2. Place seam side down on a greased baguette pan or heavily-dusted baking couche.

Second Rise

  1. Cover with plastic wrap and refrigerate overnight.

Day 3

Preheat and Score

  1. The next morning, preheat the oven to 500°F (260°C) with the oven racks positioned in the middle and one level below. Prepare a baking sheet with parchment paper and have a second baking sheet ready to add ice cubes to. (See notes.) When the oven is hot, remove the baguette dough from the fridge and place each shaped baguette onto the parchment-lined baking sheet. (Or bake in the baguette pan -see notes.) Using a lame (or sharp knife or razor blade), make 3-5 diagonal slashes into each piece of dough.

Bake

  1. Place a handful of ice cubes onto the second baking sheet. Immediately place the baguette dough into the oven on the middle rack and place the baking sheet with ice on the rack below. Close the oven door and turn the temperature down to 450°F. Bake for 30 – 35 minutes, or until the bread is a deep golden brown.  Remove from the oven and cool on a wire rack.
  2. Bread is best eaten on the day that it’s made, but if stored in paper will keep an additional day. You can freeze baguettes sliced or whole. If slicing, freeze individual slices on a baking sheet, then place into a freezer bag. If freezing whole, wrap tightly with aluminum foil or plastic freezer wrap, then place in a freezer bag. Bread will keep this way for a few months.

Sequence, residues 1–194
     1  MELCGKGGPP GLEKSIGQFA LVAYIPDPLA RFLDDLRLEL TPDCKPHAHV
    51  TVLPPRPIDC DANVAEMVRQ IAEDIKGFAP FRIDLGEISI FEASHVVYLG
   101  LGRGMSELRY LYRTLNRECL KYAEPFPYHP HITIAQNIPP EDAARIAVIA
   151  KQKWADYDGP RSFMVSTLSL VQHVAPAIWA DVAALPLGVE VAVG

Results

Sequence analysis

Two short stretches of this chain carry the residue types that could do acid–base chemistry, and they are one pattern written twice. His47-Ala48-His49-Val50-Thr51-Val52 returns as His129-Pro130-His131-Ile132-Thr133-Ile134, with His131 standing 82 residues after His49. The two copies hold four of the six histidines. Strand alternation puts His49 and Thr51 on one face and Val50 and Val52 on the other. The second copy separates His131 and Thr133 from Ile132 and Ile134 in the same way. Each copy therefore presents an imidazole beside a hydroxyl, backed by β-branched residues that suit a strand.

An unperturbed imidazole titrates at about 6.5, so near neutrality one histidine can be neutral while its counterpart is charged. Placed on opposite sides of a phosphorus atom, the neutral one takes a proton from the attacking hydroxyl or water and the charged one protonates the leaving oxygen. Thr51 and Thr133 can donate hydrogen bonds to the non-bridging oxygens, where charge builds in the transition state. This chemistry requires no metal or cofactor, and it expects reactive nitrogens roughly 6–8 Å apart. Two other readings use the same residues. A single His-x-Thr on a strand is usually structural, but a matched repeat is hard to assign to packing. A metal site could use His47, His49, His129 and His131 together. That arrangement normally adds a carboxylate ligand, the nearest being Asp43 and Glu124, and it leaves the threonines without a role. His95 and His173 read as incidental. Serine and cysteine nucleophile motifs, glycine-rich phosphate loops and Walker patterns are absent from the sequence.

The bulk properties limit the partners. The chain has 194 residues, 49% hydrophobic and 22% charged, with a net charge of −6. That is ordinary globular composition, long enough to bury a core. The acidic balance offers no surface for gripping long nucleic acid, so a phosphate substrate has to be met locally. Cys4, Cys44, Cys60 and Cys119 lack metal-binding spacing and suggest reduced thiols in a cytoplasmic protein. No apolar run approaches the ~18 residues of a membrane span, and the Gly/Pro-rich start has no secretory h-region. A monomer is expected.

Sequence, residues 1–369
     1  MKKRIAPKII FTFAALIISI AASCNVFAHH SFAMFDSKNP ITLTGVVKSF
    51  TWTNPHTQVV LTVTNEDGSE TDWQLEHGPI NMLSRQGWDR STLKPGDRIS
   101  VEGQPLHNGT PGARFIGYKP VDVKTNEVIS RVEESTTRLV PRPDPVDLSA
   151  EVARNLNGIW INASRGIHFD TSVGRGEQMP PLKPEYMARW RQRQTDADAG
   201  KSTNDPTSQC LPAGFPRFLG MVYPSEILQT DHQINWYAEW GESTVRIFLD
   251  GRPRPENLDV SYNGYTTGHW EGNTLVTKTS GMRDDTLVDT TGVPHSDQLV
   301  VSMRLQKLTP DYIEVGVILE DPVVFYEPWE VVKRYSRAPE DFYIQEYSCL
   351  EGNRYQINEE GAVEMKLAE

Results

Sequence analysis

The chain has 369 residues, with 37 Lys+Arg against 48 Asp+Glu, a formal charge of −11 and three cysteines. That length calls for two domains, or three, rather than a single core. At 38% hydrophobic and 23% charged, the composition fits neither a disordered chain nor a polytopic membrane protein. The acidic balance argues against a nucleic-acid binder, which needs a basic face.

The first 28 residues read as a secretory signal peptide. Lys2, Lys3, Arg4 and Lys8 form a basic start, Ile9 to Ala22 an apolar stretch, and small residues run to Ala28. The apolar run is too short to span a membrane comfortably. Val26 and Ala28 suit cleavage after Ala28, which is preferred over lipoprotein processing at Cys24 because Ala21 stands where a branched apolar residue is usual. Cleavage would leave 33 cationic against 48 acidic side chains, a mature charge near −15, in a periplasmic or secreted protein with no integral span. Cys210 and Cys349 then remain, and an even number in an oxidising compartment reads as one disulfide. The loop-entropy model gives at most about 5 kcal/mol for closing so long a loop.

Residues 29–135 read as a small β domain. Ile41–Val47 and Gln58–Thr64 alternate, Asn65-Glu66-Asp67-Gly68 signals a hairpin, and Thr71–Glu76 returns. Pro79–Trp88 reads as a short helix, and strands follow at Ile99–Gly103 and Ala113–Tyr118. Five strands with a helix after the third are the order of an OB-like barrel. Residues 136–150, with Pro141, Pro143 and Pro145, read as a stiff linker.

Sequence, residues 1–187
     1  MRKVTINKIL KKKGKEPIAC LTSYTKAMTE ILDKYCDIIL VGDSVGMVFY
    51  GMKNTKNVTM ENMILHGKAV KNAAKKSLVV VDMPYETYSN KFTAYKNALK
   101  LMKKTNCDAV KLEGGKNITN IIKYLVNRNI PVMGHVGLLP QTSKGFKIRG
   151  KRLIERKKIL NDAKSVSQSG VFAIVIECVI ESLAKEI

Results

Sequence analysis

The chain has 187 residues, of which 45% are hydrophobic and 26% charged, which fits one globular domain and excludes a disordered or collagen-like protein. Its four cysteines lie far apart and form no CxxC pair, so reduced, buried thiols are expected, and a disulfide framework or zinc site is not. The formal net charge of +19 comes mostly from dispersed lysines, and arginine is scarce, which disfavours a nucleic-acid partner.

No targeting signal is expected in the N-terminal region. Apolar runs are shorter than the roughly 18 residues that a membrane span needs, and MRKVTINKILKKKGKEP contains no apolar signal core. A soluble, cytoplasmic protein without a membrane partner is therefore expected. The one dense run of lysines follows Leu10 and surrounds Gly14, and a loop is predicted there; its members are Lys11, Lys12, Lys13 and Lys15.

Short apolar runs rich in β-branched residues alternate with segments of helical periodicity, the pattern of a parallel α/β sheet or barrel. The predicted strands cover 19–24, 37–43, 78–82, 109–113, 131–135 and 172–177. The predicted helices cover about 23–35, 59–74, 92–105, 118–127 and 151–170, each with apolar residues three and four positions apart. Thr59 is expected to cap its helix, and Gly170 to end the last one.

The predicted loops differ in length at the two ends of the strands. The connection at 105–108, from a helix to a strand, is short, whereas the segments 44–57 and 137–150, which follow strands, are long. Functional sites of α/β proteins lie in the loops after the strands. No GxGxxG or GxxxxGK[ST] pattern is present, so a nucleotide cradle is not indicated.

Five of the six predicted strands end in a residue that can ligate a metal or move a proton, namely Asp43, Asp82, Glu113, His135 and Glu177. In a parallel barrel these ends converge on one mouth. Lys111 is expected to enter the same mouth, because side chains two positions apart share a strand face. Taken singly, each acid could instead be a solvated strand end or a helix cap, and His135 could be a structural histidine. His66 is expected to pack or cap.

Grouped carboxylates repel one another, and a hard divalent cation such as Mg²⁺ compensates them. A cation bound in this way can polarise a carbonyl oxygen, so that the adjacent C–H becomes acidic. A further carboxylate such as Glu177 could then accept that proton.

Notes

Stretch and folds: To perform a series of stretch and folds, imagine the dough in 4 quadrants. Grab the dough in the 12 o’clock position and pull it up and over toward yourself (toward the 6 o’clock position). Then, rotate the bowl a quarter turn to the right and grab the dough in the 12 o’clock position again (formerly 9 o’clock), bringing it up and down toward 6 o’clock once more. Repeat this step 2 more times until each quadrant of the dough has made it to the 12 o’clock position and has been stretched and folded onto itself. The dough will look like a little parcel.

Baking: When transferring the cold baguette dough to a parchment-lined pan, it will be snake-ish and hard to work with. Move quickly and efficiently so you don’t disrupt the shape of the baguette too much. Alternatively, you can bake the baguettes directly on the baguette pan until you get more comfortable working with the dough.  Keep in mind, the baguette pan will leave slight perforations on the bottom of the bread.

Steam: Create steam by placing ice cubes on a sheet pan on the lowest rack, under the baguettes.

Nutrition

  • Serving Size: ¼ of a baguette
  • Calories: 196
  • Sugar: 0.2 g
  • Sodium: 388.7 mg
  • Fat: 0.9 g
  • Saturated Fat: 0.1 g
  • Carbohydrates: 39.3 g
  • Fiber: 1.3 g
  • Protein: 6.5 g
  • Cholesterol: 0 mg

Keywords: sourdough baguette recipe, baguette recipe, how to make baguettes, French baguette recipe, sourdough baguettes

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Comments

  1. Omg so good!!! So crispy on the outside and chewy soft in the middle. A dream!!! I did the stretch and folds at night and quite honestly skipped some bench rest time because of bedtime and it still turned out perfectly. Thank you!!!

  2. Absolutely delicious. This was the second time trying baguettes are they turned out so delicious. They were airy and light on the inside and crisp and the outside. This will be my go to recipe.